And below...in honor of Beatles 09-09-09 day and all the goodies that have been released (Rock Band, Remasters), here is day 69 of Ritchie's Fry journal.

This Will Be In Your Head All Day And You Will Hate Me For It...

Jeannie Tate: Score for the Lady in Mommy Jeans!

This makes my heart happy. Liz Cackowski, star and co-creator of The Jeannie Tate Show has been given a development deal to bring the insane soccer mom to HBO. The web series, originally produced for WB.com was co- created with Maggie Carey. Jeannie Tate features Cackowski as the nervy mom who does a talk show out of her mini-van. Celebrity guests have been Bill Hader, Rashida Jones and Rob Riggle. Aubrey Plaza (Parks and Rec) co-starred as her crabby teenage step daughter.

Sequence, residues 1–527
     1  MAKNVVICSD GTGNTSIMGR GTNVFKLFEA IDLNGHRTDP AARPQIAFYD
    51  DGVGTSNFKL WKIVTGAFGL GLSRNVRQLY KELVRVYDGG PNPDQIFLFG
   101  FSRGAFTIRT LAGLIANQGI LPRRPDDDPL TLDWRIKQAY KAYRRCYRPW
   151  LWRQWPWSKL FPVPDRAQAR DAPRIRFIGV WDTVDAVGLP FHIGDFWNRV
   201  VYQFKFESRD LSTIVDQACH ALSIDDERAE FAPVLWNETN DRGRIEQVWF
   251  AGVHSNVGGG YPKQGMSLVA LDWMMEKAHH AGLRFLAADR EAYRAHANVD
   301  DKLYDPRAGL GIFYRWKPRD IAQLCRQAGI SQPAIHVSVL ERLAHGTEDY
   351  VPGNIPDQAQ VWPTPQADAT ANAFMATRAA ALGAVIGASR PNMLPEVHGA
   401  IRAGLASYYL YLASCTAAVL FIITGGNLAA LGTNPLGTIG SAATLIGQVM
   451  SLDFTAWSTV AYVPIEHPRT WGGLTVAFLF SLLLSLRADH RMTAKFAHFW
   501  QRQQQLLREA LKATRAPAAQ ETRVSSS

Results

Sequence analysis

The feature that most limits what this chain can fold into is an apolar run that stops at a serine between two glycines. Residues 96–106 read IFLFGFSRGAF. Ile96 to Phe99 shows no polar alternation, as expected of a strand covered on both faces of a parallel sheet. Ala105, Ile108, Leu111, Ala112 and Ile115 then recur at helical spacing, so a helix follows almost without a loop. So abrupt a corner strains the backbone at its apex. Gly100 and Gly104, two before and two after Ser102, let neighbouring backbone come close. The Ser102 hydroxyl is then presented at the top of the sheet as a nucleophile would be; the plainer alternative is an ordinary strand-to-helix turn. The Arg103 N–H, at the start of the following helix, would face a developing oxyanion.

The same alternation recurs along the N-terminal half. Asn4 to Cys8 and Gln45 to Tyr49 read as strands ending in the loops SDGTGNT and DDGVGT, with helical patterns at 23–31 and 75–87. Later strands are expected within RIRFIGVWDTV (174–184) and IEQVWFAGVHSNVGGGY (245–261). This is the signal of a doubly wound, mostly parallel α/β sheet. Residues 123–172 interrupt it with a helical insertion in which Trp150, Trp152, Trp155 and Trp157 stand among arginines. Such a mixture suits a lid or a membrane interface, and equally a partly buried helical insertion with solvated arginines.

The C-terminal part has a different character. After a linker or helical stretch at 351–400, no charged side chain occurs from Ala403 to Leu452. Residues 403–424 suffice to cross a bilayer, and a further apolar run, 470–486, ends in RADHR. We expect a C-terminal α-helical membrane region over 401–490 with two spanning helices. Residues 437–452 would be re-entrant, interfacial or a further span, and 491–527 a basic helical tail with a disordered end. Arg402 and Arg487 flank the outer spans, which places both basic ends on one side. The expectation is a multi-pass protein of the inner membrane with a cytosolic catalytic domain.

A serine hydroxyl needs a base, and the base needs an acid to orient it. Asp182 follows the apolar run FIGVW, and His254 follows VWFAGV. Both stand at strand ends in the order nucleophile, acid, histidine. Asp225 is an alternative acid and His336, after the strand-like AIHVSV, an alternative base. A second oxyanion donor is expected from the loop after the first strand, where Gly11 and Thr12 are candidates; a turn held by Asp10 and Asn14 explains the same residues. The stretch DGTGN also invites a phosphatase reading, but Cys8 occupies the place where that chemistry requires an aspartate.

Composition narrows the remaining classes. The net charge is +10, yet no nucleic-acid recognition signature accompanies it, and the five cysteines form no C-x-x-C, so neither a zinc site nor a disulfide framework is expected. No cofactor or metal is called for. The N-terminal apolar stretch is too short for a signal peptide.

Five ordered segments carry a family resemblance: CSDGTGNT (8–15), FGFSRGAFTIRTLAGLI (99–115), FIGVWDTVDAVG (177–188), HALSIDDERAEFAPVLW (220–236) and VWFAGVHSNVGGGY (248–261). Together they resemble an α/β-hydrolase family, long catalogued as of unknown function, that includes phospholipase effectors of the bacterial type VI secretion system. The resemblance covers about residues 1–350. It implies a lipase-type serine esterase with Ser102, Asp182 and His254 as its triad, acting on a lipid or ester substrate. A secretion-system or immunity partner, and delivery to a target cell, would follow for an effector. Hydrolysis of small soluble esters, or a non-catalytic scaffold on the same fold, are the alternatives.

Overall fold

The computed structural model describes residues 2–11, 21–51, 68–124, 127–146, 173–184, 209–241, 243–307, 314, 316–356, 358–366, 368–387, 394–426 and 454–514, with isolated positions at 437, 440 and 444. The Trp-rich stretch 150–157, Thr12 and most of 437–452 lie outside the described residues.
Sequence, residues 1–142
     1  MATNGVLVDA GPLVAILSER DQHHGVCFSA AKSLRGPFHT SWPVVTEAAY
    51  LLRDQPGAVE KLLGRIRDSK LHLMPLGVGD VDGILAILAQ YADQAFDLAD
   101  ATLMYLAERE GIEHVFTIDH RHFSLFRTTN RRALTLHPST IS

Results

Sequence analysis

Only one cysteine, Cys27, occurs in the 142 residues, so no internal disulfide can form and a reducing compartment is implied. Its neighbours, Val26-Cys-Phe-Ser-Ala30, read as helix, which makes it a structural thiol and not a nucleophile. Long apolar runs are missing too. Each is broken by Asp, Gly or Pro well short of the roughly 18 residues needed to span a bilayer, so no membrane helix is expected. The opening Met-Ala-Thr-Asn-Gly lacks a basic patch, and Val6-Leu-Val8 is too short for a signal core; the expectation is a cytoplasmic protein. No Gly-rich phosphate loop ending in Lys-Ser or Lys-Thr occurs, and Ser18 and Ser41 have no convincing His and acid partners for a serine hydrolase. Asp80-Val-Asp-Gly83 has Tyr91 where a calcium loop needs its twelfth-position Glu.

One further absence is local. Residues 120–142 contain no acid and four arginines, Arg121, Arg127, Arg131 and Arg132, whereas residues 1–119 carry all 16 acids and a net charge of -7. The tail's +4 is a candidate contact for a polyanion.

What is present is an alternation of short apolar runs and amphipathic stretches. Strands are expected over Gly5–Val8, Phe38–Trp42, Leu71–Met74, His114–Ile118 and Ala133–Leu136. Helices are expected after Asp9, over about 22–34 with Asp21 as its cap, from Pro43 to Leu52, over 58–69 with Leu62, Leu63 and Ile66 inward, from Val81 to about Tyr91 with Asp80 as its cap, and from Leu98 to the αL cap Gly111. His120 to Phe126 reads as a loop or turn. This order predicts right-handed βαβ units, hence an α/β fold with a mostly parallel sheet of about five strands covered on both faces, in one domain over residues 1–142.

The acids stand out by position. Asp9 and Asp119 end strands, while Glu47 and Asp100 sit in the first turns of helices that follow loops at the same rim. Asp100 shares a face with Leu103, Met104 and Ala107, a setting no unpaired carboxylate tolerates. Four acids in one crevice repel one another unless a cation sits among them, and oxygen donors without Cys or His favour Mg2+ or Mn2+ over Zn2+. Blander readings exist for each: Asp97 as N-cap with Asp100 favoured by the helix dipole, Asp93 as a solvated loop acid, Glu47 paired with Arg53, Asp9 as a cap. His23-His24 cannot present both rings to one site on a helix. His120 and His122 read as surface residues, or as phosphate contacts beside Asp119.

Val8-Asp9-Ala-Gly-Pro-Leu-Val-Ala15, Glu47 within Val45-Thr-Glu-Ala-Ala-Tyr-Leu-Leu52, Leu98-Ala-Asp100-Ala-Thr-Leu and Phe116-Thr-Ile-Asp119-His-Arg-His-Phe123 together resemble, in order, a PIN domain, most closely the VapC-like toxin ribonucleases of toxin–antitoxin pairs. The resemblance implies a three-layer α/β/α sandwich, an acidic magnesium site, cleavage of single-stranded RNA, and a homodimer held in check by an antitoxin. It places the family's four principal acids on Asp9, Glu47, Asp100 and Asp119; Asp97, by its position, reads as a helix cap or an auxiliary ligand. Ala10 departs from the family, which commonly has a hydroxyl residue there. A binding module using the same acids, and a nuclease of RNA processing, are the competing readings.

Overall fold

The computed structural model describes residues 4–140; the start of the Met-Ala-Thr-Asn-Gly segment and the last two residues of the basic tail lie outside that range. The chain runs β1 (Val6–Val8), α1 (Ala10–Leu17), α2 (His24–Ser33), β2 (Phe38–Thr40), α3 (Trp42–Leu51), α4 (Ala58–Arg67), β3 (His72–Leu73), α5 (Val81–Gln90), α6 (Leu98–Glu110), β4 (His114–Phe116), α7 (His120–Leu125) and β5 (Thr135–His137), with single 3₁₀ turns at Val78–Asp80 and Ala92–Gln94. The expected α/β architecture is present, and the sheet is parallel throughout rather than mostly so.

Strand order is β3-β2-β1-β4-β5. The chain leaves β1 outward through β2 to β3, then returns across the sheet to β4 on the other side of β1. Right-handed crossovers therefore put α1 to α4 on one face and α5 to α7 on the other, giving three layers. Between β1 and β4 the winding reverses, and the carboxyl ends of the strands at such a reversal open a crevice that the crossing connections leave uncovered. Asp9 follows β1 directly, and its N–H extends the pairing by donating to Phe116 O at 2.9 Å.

Check her out at http://jeannietate.com/, but watch this now...my personal fave video with Riggle.

Friday, September 4, 2009

SNL: Sadness...

Oh well. With the addition of Jenny Slate and Nasim Parad, the other shoe was bound to drop. Michaela Watkins and Casey Wilson have been axed from SNL. Two talented, funny ladies who were never given the best material, left to wither on the vine, now gone.

Good luck Casey and Michaela (other UCB people, by the way). Hell, SNL ain't the only party in town. There is more to life than what happens on the 17th Floor. They're gonna knock everyone's socks off, and I'm looking forward to it!

Source: Ausiello (Entertainment Weekly)

Bobblehead Nation. Why?